16. San Diego – Devin Funchess, WR, Michigan. Funchess is a matchup nightmare because of his some versatility – some scouts have him rated as a tight end – and he could provide Philip Rivers with a double benefit – a red zone threat and, if things work out, a potential hybrid replacement for aging Antonio Gates.
17. Kansas City – Nelson Agholor, WR, USC. The Chiefs signed Jeremy Maclin, but their receiver corps was such a receiver corpse last year that more improvements are needed to prevent triple coverage on Maclin.
18. Buffalo – Stephone Anthony, ILB, Clemson. The Bills traded away their best inside linebacker in the LeSean McCoy/Kiko Alonso trade and haven’t done much to address the position since. Anthony is a tackling machine who could excel in Rex Ryan’s new system.
19. Houston – Phillip Dorsett, WR, Miami. You don’t just replace a franchise guy like Andre Johnson, but DeAndre Hopkins needs a complement because he’s the No. 1 guy now and will get top coverage on every play … until someone else steps up.
20. Philadelphia – Hau’oli Kikaha, OLB, Washington. The Eagles have overhauled their lineup in Chip Kelly’s regime and one of them was releasing Trent Cole. Kikaha can bring the heat from the outside and hold up in coverage.
21. Cincinnati – Preston Smith, DE, Mississippi State. The Bengals front four suffered badly last year. The return of Michael Johnson will help, but adding some young blood into the mix can only help revive the sorry state of Mike Zimmer’s former defense.
22. Detroit – Jay Ajayi, RB, Boise State. To watch him run, he looks like Ray Rice. With Reggie Bush (thankfully) out of the picture, he could step in immediately and help a Detroit offense that has a lot of big-play ability.
23. Arizona – Denzel Perryman, ILB, Miami. Larry Foote was a coverage embarrassment last year and teams picked on him. The Cards aren’t far away and, by adding a running back in the first round, they’re closing the gap on Seattle.
24. Pittsburgh – Paul Dawson, LB, TCU. Outside linebacker was a need even with Jason Worilds. Without him, it’s gotten even more pronounced and Dawson is the type of player who could be an immediate contributor.
25. Carolina – Tevin Coleman, RB, Indiana. The Panthers have had a two-headed backfield for years, but with DeAngelo Williams gone and Jonathan Stewart being paid too much, Coleman could be a breath of fresh air for the run game, coming off a 2,000-yard rushing season in just 12 games.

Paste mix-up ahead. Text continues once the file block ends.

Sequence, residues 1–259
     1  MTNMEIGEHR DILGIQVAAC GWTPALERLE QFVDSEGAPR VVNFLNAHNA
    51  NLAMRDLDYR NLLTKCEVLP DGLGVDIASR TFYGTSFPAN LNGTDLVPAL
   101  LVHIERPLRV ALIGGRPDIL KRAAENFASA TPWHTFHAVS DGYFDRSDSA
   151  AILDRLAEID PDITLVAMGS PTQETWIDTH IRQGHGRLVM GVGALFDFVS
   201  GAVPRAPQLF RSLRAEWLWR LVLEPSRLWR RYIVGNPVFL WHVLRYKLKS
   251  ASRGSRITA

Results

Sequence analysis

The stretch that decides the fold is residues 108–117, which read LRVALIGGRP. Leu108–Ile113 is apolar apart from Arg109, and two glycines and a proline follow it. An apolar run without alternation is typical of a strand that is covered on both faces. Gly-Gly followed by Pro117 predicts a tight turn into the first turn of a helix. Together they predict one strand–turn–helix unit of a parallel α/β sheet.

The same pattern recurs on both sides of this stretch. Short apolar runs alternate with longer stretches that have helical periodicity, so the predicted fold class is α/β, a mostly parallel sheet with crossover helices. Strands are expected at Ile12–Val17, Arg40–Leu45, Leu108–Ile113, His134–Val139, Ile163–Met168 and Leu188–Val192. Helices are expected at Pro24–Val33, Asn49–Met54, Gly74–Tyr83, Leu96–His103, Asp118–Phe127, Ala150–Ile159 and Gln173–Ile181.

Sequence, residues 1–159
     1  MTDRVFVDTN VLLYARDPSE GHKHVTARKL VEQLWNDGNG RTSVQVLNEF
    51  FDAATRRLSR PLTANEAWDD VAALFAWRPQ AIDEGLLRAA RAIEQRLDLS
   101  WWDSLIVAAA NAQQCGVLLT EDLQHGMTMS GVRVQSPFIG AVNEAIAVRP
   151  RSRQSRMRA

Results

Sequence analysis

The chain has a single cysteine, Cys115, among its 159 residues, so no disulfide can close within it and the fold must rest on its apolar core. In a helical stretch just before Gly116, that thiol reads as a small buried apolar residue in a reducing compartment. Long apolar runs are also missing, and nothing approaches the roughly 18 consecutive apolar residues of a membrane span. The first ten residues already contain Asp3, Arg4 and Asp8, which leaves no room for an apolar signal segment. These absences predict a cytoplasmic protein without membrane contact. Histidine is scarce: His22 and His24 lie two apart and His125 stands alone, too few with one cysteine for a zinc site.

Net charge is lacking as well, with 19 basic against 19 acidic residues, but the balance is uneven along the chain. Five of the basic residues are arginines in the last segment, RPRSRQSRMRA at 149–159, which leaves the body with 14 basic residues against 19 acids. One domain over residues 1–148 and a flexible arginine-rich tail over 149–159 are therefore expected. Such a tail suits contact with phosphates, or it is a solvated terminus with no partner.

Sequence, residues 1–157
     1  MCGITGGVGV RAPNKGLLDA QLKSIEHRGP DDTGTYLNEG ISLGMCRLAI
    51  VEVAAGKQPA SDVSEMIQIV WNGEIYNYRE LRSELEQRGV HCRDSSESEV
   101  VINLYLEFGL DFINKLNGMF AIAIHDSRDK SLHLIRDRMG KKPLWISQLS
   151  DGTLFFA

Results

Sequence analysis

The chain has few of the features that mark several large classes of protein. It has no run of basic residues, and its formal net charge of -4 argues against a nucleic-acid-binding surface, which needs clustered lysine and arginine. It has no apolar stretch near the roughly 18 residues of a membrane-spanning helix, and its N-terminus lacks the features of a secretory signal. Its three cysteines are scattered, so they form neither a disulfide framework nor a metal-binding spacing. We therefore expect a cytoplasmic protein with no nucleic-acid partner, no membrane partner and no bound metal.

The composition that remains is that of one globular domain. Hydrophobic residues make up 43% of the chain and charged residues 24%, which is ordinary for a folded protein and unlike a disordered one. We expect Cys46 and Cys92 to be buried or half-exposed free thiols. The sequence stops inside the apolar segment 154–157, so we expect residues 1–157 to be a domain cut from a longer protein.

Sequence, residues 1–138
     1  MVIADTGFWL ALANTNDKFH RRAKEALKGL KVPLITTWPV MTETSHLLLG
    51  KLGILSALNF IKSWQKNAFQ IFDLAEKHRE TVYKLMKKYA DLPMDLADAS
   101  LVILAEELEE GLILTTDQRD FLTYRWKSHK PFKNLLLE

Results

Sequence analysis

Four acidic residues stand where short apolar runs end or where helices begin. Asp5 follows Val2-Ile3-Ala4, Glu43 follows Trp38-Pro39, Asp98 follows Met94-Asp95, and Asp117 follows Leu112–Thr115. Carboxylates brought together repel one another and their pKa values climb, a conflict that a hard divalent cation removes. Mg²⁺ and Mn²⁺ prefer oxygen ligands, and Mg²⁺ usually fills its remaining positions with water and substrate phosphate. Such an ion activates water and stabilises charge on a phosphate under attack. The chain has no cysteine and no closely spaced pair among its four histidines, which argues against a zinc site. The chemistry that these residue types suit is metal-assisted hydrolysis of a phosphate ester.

26. Baltimore – Duke Johnson, RB, Miami. Ray Rice isn’t coming back and Justin Forsett is what he is. Johnson is undersized and has durability concerns, but if he’s healthy he could be the next Gio Bernard.
27. Denver – A.J. Cann, G, South Carolina. The Broncos lost Orlando Franklin in free agency and he needs replacing. Cann may not be the immediate answer, but protecting Peyton Manning is Job One.
28. Dallas – Carl Davis, DT, Iowa. Dallas went free agency with Henry Melton last year and that didn’t work out. Now the Cowboys start building the defensive line the same way they have done the O-line the last three years.
29. Indianapolis – Ronald Darby, CB, Florida State. The Colts addressed needs at linebacker, defensive end, wide receiver, running back and safety in free agency. But one need that remains is a running mate for Vontae Davis and Darby is the best athlete available at this point.
30. Mario Williams, DE, Florida State. The Packers are notorious for drafting players to develop, so when a veteran (like Julius Peppers) leaves, they have a replacement ready. Edwards comes with a strong college résumé and NFL bloodlines, which should bode well for him in Green Bay.
31. Seattle – Devin Smith, WR, Ohio State. The Seahawks have a ton of No. 2 or 3 wide receivers and Smith may fit into that category, but he is a single-coverage deep threat that, along with Jimmy Graham, could help open up Russell Wilson’s deep arsenal.
32. New England – Josue Matias, G, Florida State. The guard play for the Patriots struggled last year and Matias comes from a high-profile program that has succeeded. Bill Belichick loves winners and he fits that bill.